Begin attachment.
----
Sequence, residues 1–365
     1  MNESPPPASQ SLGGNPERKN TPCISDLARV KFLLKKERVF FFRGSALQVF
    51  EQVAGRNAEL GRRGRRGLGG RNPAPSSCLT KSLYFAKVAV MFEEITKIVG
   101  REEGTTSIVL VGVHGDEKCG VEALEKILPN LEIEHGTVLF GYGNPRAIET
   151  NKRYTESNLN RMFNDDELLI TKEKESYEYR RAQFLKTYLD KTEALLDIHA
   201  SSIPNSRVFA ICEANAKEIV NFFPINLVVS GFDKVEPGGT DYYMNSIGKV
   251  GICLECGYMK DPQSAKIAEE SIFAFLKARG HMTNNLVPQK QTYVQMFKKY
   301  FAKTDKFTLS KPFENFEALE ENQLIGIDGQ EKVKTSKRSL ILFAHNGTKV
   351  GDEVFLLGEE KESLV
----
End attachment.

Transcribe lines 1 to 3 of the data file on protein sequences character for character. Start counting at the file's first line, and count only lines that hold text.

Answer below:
Sequence, residues 1–365
     1  MNESPPPASQ SLGGNPERKN TPCISDLARV KFLLKKERVF FFRGSALQVF
    51  EQVAGRNAEL GRRGRRGLGG RNPAPSSCLT KSLYFAKVAV MFEEITKIVG